slot machine reelsCaesar’s Palace didn’t have slot machines in the age of the apostles, so it’s not surprising that there is no explicit, direct, biblical prohibition of casino gambling. How then should Christians in America think about the growing trend of regional casinos?

For some Christian groups, the answers is based on their opposition to all forms of gambling. My own denomination, the Southern Baptist Convention, calls on “all Christians to exercise their influence by refusing to participate in any form of gambling or its promotion.” However, other traditions, such as the Catholic Church, take a more nuanced position. The catechism states,

Games of chance (card games, etc.) or wagers are not in themselves contrary to justice. They become morally unacceptable when they deprive someone of what is necessary to provide for his needs and those of others. The passion for gambling risks becoming an enslavement. Unfair wagers and cheating at games constitute grave matter, unless the damage inflicted is so slight that the one who suffers it cannot reasonably consider it significant. (Catechism 2413)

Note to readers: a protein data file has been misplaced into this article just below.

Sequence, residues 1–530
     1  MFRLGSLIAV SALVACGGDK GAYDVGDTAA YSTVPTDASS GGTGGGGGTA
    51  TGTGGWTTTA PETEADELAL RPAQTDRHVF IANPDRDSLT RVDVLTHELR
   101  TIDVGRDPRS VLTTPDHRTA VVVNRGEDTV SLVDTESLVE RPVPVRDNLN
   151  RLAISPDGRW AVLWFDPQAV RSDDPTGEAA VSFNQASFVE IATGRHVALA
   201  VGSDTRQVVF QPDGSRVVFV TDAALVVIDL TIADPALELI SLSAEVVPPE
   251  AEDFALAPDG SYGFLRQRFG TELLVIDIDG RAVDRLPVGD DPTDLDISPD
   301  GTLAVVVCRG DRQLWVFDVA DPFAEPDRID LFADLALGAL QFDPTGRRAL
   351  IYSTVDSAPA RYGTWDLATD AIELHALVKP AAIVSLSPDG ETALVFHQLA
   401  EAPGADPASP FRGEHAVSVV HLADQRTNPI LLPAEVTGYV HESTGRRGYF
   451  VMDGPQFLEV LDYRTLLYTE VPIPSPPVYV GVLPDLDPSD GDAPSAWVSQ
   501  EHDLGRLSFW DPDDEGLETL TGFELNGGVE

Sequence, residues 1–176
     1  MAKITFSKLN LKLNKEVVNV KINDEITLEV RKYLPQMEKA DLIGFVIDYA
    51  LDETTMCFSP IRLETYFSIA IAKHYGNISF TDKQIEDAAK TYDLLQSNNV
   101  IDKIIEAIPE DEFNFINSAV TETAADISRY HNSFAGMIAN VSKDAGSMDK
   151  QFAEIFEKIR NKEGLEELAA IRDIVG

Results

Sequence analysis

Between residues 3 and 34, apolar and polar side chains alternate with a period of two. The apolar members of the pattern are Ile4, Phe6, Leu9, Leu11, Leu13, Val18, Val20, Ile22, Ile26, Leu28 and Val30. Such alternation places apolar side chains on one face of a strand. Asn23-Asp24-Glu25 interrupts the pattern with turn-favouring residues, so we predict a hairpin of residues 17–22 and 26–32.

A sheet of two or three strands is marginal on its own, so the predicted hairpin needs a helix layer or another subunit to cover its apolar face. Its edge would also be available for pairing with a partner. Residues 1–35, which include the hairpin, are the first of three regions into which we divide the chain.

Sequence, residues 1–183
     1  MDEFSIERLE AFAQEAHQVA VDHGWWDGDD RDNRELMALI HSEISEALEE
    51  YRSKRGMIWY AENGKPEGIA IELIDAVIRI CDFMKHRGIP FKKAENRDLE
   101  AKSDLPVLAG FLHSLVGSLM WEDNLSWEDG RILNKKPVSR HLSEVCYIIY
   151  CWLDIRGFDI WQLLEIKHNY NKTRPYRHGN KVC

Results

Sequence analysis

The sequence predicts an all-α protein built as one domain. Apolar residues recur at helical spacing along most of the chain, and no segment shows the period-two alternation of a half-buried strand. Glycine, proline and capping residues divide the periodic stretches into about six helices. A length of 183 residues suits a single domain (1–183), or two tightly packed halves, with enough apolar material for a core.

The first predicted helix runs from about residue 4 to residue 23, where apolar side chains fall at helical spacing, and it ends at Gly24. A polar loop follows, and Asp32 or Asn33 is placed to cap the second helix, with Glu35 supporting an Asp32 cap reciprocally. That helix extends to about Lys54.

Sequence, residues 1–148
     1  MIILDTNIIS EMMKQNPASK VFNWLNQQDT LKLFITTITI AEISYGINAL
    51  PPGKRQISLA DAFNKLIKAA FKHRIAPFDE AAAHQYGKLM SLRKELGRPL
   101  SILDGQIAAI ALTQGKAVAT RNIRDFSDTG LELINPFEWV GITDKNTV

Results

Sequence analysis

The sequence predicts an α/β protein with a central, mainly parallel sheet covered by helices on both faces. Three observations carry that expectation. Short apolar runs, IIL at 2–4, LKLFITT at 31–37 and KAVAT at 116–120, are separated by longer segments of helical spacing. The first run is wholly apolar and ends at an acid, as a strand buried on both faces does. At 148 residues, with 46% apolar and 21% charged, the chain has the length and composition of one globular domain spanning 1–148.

A more thorough treatment is provided in the Catholic Encyclopedia, which lists four conditions that theologians commonly require for gaming to be illicit:
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Acton On The AirSamuel Gregg, Acton’s Director of Research, continues to promote his latest book, Tea Party Catholic, via radio interviews across the nation. This morning, he made an appearance on San Antonio’s KTSA radio, speaking with host Jack Riccardi about the Catholic (and broader Christian) case for limited government, a free economy, and a system of ordered liberty. You can hear the exchange via the audio player below.

Tea Party Catholic

Tea Party Catholic

In Tea Party Catholic, Samuel Gregg draws upon Catholic teaching, natural law theory, and the thought of the only Catholic Signer of America's Declaration of Independence, Charles Carroll of Carrollton—the first “Tea Party Catholic”—to develop a Catholic case for the values and institutions associated with the free economy, limited government, and America's experiment in ordered liberty. Beginning with the nature of freedom and human flourishing, Gregg underscores the moral and economic benefits of business and markets as well as the welfare state's problems. Gregg then addresses several related issues that divide Catholics in America. These include the demands of social justice, the role of unions, immigration, poverty, and the relationship between secularism and big government.

Visit the official website at www.teapartycatholic.com

$24.00